That afternoon Albert ushered his asthmatic camel, the limping stallion and the incontinent donkey onto the set. Thankful that (a) no one had noticed the limp and (b) that, Albert aside, the rest of the gathered crew were bite and spittle free. Albert coerced his herd onto a nearby sand dune and under the light of a thousand candles waited. Finally the director Mr Capellani, short and clouded in a permanent cigar fug, wandered onto the set. He eyed Albert’s stock with a stern gaze causing the donkey to empty its bowels noisily onto the dune.

‘Where is my centrepiece?’ Capellani screeched in a voice laden with pepperoni.

‘Centrepiece?’ Albert replied.

Mr Capellani, then Mr Capellani’s assistant, his assistant’s assistant and then several producers all explained, with bursting veins and flailing hands that they were lacking the one thing they needed. And if Albert wanted to work in this town again he’d get it.

Today.

Albert scaled the zoo fence, wavering at the top before vaulting into the enclosure, lasso in one hand, a raw steak in the other. All he needed was to be confident, animals respected confidence.

Christ the lion was bigger close up.

The screams of the children drowned out Albert’s as red balloons floated into a clear blue sky.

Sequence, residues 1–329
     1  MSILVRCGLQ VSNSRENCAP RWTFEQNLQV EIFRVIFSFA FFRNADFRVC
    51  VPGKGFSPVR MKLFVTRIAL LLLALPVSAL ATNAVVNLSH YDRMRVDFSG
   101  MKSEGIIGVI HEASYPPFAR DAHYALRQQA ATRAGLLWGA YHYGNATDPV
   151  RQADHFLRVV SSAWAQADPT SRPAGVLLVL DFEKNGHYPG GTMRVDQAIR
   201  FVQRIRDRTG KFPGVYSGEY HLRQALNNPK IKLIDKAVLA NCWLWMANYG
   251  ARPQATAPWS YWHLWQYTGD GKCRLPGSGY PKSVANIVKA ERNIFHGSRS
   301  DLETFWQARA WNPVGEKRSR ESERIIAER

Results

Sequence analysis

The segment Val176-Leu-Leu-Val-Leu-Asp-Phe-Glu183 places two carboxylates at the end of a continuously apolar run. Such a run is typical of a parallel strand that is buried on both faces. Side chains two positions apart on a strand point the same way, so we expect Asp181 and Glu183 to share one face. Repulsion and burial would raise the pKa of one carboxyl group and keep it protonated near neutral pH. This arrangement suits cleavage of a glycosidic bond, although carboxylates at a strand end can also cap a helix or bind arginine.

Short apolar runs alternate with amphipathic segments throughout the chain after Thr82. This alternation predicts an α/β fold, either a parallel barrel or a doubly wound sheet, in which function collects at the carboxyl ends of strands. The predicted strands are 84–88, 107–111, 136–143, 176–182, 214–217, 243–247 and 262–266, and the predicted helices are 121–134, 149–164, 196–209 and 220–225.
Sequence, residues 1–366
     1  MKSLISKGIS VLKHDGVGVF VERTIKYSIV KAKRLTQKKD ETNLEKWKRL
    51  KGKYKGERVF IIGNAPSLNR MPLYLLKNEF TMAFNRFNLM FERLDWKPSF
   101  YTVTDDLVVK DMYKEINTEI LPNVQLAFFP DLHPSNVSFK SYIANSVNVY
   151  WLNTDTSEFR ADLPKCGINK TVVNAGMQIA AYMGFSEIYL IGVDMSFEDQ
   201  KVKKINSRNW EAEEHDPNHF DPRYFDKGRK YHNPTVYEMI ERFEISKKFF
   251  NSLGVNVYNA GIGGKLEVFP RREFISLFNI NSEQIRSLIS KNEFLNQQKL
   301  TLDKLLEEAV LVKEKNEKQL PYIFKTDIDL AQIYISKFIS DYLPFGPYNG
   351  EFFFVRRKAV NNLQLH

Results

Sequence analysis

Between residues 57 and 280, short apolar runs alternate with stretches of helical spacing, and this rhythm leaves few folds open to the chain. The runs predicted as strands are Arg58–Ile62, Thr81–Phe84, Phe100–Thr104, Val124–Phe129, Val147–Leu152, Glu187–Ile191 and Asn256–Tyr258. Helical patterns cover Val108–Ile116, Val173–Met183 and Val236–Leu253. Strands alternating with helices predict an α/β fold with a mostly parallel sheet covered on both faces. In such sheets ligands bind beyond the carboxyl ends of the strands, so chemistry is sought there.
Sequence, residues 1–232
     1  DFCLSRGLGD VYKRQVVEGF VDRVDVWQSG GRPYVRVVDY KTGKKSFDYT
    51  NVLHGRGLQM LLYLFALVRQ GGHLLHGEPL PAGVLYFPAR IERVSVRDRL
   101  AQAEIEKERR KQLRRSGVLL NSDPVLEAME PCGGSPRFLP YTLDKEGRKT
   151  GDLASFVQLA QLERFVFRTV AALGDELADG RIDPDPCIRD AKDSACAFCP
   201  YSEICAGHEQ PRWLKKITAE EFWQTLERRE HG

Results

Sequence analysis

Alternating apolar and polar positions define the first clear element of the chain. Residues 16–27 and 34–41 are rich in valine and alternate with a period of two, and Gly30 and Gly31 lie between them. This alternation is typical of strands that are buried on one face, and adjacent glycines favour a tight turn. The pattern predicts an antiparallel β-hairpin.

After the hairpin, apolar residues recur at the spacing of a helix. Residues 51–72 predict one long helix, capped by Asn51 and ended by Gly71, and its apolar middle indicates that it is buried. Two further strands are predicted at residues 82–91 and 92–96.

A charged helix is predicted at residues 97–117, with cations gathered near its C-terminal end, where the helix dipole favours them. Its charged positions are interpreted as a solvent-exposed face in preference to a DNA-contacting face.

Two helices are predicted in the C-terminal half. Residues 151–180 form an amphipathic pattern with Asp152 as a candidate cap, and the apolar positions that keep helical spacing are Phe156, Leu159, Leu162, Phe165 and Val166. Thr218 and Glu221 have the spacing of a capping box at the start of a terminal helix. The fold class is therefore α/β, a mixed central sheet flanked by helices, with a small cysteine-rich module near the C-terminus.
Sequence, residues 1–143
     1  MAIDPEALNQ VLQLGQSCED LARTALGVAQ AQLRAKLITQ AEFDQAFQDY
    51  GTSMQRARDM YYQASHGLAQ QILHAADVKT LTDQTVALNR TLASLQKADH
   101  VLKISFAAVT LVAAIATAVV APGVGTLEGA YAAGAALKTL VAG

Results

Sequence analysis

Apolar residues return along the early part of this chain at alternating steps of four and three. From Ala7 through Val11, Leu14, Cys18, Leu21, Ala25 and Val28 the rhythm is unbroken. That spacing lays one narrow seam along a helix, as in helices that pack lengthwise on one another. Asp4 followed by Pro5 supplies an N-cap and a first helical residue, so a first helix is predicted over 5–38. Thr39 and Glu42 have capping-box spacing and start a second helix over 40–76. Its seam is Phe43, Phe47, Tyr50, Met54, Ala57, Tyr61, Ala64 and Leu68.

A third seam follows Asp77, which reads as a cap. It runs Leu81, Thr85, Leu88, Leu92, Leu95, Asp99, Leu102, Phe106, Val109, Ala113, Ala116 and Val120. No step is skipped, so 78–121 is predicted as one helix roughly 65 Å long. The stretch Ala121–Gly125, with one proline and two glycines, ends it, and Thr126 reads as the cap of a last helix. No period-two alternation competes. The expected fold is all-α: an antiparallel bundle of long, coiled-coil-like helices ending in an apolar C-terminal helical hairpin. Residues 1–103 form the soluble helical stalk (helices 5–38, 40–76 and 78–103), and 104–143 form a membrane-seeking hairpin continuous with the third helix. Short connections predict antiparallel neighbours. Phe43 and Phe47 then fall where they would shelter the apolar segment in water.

Local fisherman, Yugoslavia. CC photo by GothPhil.

Local fisherman, Yugoslavia. CC photo by GothPhil.

 

Subaqueous Homesick Blues

Seb adjusted his footing on the undulating rowboat as the net taunted his callused grip. His shoulders complaining from hauling another seaweed slick disappointment up from the depths.

‘Nothing?’ Arch asked.

Seb shook his head.

‘Fuck it,’ Arch spat into the sea, ‘so what’s that today? Ten fish, some plastic shit!’

‘The Senate will understand.’

‘Yeah and one day they’re going to get their hands wet. No, reckon the lash this time.’

Seb slumped, the boat rocking in response, ‘we could go …’

‘Where precisely? Hell boy if its not the lash its exile, now stop talking stupid and grab an oar.’

The rhythm of wood slicing water broke the silence as they followed the meager assortment of vessels that comprised the scavenger fleet. In the distance the Senate’s oilrig lay squat on the horizon.

Weary and anxious, Seb gazed at the dark shadows that glided beneath them. Daydreaming about living within submerged towers that had once pierced the sky.

 

 

The Waiting Game

Now watch me cast.

Christ I feel sick.

Notice how the rod reacts as the line dictates?

Breathe, its okay, a routine emergency cesarean that’s what the nurse said. Happens all the time.

Now we wait hoping for a bite.

A name. A name so they both live.

Shouldn’t be long I reckon.

What did Emma want … Thatcher, not going to happen, far too Tory.

Hmm, can feel something teasing.

Something else. Damn where is she?

Ah a bite, now gently we reel it in, gently, teasing.